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krose1223's avatar

Why do my vitamins make me nauseous?

Asked by krose1223 (3254points) June 13th, 2010

I have been taking vitamins for over a year now and never had a problem. I ran out and it took me a good month or two before I bought some more and this time around the vitamins make me nauseous. It’s the One a Day vitamins for energy. I tried the same brand different kind, I think the weight smart one, and that also made me sick. I quit taking the One a Day and switched to the kind I give my son. Yes, I’m a Flinstones kid. I am very curious as to why this happened.

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15 Answers

mrrich724's avatar

Have you changed how you take them? Normally, if you take them on an empty stomach they will make you nauseous. Once I took one before breakfast (b/c I forgot to eat) and I threw up…

Also One-A-Days.

krose1223's avatar

No I usually take them with my breakfast or lunch. I thought about that and experimented with it, it made nauseous on an empty and full stomach.

JLeslie's avatar

If I understand correctly you were fine taking the vitamin, took a break, and then the same vitamin made you sick when you tried them again. That does seem odd. Maybe the manufacturer changed something in the pill, but I would think the would have to tell its consumers. I know my OTC iron pill changed and the changed the color of the pill, so I knew right away something was different.

By the way I take Flinstones also. I look for chewable whenever possible.

Merriment's avatar

It could be that the solid pill, which dissolves in the stomach is causing irritation to the stomach lining whereas the Flintstones are chewed and don’t burn a spot.

Oddly, I just had to give up on my multi vitamin because it suddenly “turned” on me in the form of an esophageal erosion and stomach upset. I had been taking it for over a year with no problems either.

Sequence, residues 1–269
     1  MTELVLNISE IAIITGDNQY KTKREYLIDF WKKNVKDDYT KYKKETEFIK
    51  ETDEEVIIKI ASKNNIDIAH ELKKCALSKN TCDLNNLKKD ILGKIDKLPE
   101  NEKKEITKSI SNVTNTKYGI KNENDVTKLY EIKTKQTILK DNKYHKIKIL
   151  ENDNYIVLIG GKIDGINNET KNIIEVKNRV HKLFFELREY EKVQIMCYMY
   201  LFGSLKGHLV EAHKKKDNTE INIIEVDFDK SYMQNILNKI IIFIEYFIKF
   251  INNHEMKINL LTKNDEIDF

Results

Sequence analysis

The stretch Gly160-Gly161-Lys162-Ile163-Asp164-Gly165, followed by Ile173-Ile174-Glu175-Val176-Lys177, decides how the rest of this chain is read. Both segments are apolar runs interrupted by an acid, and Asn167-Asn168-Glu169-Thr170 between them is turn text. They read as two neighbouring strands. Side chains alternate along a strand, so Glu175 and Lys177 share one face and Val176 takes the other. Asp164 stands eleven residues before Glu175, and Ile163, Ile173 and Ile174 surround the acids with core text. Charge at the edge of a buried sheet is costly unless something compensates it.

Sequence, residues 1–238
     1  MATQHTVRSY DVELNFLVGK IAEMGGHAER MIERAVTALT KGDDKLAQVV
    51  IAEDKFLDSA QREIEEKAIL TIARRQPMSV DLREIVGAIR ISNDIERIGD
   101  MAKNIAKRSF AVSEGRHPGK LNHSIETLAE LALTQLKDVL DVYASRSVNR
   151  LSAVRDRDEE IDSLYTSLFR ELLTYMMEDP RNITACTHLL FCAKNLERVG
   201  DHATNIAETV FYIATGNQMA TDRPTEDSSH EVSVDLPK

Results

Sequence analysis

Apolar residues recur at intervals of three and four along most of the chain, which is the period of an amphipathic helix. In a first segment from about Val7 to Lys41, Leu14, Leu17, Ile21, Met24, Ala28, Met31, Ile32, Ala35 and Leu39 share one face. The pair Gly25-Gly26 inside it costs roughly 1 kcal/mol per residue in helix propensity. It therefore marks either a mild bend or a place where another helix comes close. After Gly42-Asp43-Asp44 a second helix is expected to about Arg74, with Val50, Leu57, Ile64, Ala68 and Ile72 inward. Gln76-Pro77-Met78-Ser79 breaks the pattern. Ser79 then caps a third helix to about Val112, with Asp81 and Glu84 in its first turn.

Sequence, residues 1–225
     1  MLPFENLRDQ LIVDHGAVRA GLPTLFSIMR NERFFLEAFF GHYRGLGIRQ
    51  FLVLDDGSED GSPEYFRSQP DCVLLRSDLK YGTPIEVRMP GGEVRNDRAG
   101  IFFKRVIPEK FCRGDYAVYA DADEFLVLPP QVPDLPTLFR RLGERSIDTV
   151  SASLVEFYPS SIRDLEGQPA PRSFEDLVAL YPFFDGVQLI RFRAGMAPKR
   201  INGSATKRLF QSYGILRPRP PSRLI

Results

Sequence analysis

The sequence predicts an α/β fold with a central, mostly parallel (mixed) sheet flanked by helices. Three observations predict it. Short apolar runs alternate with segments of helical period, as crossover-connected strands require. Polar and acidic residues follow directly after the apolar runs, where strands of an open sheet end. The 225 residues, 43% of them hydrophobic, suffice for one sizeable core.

I switched to juicing fresh fruits and vegetables. If I still need something I may try chewables. I’ll be a Flintstones kid too!

Rarebear's avatar

If the pills are making you sick, don’t take the pills. There’s no indication for vitamins anyway—if you eat well enough you get plenty, and vitamins are only necessary in trace amounts anyway.

gondwanalon's avatar

Engaging in strenuous activity (like jogging/swimming/fast walking) right after taking vitamins with generate the reaction you describe. I learned that the hard way a couple of times. I take the vitamins and go out for an easy jog and the soon thereafter I’m bent over with the dry heaves. Now I take vitamins after my morning jog and everything is OK.

YARNLADY's avatar

Ouch, see you doctor immediately. You have no idea why you are so out of balance, but a blood test, under your doctor supervision, should help.

Rarebear's avatar

Just don’t take them. You don’t need them.

krose1223's avatar

I did quit taking that kind… I eat the gummy flinstones ones now. But I feel better when I take them and it makes my hair and nails much prettier. :)

JLeslie's avatar

@Rarebear I eat pretty well and my vitamin D, Iron, and B12 were very low. My D was ridiculously low. Women especially protect their skin from the sun and when you use SPF you don’t absorb D. Many many of my friends have some or all of the same dificiencies and they live in varying cities and have varying diets from vegan, to eating everything.

@all there are prescription chewable pregnancy pills, but they have extra iron of course. And, there is liquid and chewable for seniors over the counter, but that has much less or no iron.

mrrich724's avatar

Maybe you just ave a buildup of one of the fat soluble components of the pill and just need to take a break/flush… Just a thought.

Rarebear's avatar

@JLeslie If you have a clinical reason to take vitamins, like documented vitamin D deficiency, then that’s fine. Vitamin D deficiency is especially common among dark skinned individuals in northern latitudes. Most people, though, take a multivitamin like the OP did, for “energy.”

JLeslie's avatar

@Rarebear You sounded like you were dismissing the need for vitamin supplements altogether. I was kind of putting you in the category of so many people I know, including a nutrionist friend who commonly says, thing like foods in America are fortified enough that vitamin deficiences are basically non-existent in our country. What I have found is that it is easy to say that if no one is checking any of these things with blood tests. If I improperly made that assumption about what you were saying I apologyze.

I recommend people actually get tests done before assuming they need a particular vitamin, but certainly a typical one day is not going to harm anything, the quantities are so low, and if someone is dificient the one a day might help. Except for iron. Overdose of iron is very dangerous, so especially for men they should check their iron, or avoid multi’s with iron.

Rarebear's avatar

@JLeslie Sorry, you’re right—that’s not what I meant. I’m fine with vitamin supplements if there is a clinical indication and clinically proven evidence of efficacy—like Vitamin D and calcium to help prevent osteoperosis in postmenopausal women, for example.

cp's avatar

Why does liquid Vitamin Code make me so nauseous and lightheaded
It happened to two other family members immediately after taking

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